Michael Acosta

Michael Acosta



As a licensed professional fishing guide, Michael Acosta shows you how to find them. A Granbury resident of more than 35 years, he has been fishing all of his life, and has been a licensed guide since 1998.

Want to catch fish and a lot of them? Get on most any area lake this time of the year and watch the gulls. The fall/winter feeding frenzy is here.

Sand bass, stripers and/or hybrid stripers will gang up on the baitfish and feed voraciously pushing these baitfish to the surface or near the surface. Even black bass, catfish and crappie at times will do the same. This sets up an easy meal for the birds (namely the gulls, turns and even pelicans) on our area lakes.

These birds will point you to active fish.  Sometimes they will be near structures and sometimes they will just be out in open water.  These fish are typically in a feeding frenzy, so most any shad imitation bait will work.

Birds can also fool you on the water.  Sometimes the birds will be working cormorants diving for shad instead of feeding fish.  A cormorant is a bird related to the pelican that arrives on our area lakes in the fall/winter. Some folks locally call them water turkeys, but actually that is another similar species.  Many times there will be a combination of predator fish and cormorants feeding on the same school(s) of baitfish, therefore you don’t always want to write off an area if you see some cormorants.

Watch the birds closely to see if they are diving on surfacing fish, and you will be able to tell. Cormorants are real spooky birds and they will usually fly away as you approach.  If the gulls leave too, there may not be any predator fish active in that area.  The gulls were more than likely just looking for an easy meal from the cormorants.

Invest in a good set of binoculars. They will help you survey a body of water for active fish and birds without having to drive all over.

As you approach a group of birds it is a good idea to do so using your electric motor, or drift toward the feeding fish. You don’t want to spook the feeding fish by running through them or running too close with your big motor. This happens time and time again on the water, some people will unknowingly drive right through the feeding fish with their big motor and ruin the fishing for everyone else.

Other folks knowingly will either troll through the middle of the fish with their big motor or will be surveying the area with their graph while running their big motor.  Please don’t do this. If you have to troll, try to keep to the edge of the fish and birds if other boats are fishing.  Sometimes the fish will regroup and start feeding again, so try to be patient if this happens.

I have written about fishing under the birds many times before.  Fishing under the birds can occur in most every season, but the abundance of birds in the fall and winter far exceed the other seasons.  The more birds the more competition for food and the more apt the birds are to work the lake looking for feeding fish.  These birds are the anglers’ friends.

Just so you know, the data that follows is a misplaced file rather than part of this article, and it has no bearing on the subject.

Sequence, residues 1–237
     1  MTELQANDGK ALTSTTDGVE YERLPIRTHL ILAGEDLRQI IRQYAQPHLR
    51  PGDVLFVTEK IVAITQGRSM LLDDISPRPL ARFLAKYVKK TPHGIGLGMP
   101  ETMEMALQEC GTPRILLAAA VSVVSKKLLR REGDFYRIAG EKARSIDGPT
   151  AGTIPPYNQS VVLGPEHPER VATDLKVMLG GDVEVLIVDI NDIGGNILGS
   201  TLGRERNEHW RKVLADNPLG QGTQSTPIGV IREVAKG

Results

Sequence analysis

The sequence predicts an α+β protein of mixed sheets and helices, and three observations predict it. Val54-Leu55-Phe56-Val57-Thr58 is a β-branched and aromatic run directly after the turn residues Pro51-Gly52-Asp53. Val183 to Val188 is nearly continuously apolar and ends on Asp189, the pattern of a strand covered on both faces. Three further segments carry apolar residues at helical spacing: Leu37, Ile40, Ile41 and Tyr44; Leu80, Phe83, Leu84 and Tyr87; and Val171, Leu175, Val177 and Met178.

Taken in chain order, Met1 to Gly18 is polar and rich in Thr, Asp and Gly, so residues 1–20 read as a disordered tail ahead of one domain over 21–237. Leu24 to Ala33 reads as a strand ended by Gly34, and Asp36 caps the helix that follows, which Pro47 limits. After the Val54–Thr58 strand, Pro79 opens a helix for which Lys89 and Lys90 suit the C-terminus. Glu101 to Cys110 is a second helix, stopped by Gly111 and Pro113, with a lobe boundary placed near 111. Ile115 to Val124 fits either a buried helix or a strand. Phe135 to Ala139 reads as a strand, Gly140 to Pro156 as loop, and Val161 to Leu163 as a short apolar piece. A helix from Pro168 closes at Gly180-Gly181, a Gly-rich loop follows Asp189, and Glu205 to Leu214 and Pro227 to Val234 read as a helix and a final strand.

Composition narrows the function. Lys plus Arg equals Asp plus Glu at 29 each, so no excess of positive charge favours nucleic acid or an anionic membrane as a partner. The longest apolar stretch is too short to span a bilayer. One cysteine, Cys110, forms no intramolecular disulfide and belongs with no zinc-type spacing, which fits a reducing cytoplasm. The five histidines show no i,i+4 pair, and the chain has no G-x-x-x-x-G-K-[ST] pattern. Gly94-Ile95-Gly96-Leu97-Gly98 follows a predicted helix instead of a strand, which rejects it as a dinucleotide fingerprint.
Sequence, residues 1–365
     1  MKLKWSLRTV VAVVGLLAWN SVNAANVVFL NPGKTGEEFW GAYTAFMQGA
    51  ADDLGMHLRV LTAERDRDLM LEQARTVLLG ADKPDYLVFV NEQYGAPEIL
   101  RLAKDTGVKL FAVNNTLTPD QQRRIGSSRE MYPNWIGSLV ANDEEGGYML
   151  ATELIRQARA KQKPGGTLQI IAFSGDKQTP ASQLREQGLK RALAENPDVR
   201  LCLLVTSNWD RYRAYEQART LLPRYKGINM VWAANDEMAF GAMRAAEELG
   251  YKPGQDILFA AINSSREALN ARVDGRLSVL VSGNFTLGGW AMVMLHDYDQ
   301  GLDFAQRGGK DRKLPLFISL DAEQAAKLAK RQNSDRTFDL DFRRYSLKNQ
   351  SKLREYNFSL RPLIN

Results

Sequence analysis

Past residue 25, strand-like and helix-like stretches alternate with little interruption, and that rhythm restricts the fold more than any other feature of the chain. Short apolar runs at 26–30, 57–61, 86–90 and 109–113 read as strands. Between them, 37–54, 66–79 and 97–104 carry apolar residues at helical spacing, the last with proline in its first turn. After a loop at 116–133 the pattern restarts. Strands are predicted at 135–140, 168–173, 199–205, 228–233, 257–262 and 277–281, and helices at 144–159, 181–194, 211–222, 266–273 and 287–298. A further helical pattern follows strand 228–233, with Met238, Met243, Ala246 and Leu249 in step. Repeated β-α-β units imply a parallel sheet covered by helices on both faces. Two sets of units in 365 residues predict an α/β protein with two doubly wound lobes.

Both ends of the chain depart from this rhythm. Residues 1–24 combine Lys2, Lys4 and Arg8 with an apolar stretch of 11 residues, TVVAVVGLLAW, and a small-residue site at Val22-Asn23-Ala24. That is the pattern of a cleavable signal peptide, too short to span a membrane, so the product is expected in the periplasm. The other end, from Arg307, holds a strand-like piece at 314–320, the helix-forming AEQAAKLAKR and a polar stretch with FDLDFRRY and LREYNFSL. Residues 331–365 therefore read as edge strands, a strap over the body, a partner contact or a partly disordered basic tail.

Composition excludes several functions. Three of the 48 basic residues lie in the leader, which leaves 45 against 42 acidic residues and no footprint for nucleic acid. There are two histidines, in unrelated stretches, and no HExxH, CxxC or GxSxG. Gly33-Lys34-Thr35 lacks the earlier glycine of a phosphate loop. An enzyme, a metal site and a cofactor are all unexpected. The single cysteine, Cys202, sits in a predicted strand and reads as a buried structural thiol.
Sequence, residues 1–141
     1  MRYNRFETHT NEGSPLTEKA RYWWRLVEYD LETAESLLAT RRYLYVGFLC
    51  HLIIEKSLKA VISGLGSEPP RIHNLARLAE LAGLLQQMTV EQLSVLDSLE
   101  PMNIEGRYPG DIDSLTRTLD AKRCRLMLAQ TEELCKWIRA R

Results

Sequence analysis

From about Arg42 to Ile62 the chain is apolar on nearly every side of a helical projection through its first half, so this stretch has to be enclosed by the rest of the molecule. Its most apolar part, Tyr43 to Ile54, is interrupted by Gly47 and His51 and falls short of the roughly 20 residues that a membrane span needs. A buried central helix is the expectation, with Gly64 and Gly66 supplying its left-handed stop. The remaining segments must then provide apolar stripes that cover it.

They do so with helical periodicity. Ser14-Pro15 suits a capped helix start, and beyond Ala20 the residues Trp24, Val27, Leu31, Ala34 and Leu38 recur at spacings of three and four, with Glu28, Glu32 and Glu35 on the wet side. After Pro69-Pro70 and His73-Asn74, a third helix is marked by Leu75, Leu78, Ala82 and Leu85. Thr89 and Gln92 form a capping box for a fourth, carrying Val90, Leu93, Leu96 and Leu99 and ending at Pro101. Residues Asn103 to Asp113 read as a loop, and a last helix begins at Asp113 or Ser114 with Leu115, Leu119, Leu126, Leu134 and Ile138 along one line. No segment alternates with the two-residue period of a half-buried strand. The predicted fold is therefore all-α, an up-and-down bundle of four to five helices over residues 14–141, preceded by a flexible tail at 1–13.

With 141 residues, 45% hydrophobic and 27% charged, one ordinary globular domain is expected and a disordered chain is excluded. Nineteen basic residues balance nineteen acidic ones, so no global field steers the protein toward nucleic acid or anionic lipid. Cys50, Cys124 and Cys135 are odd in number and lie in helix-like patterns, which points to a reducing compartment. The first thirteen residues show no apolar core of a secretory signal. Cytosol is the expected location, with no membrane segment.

They have tremendous eyesight and can see things way below the surface.  If the fish are not real active, some birds may be hovering over an area where some fish are feeding deeper in the water column.  The birds are hoping that they will push some baitfish up.  Those areas can be great to work. Working jigs or swimbaits through a school of bait and fish in deeper water may be the pattern of the day.  Many folks believe that they have to throw and retrieve and never get their bait down deep enough.  Many times I will have to go to 30 or 40 feet down to get a bite and depending on the reservoir, sometimes even deeper.

In fact, I generally prefer to fish below the surface-feeding fish where the bigger fish are usually waiting for an injured baitfish to float their way.  

Make sure you dress for the weather and, if you can pick your dates, fish between passing cool fronts. 



The fishing on Granbury is good to excellent on most areas of the lake.  Some white bass are being caught on the upper ends from Hunter Park upstream.  Best striped bass reports are from Striper Alley on the lower ends to Indian Harbor.  Black bass continue to be good to 6 pounds worked on points and structure on the  upper ends.  Some good top water action is reported near main lake points.

I did not get a crappie report this week.  Blue and yellow catfish continue to be good to  excellent to 25-plus pounds on cut shad mid-lake to Hunter Park.  Channel cats are numerous and are being caught in numbers on baited holes.


On other reservoirs, Lake Whitney and  Possum Kingdom Lake limits of striped bass are reported.  Look for the birds.  On Whitney, best reports are coming from near Steele Creek to the state park (look for the  birds).  On Possum Kingdom, look for fish from Broadway to the Peanut Patch.

michael.acosta@att.net | 254-396-4855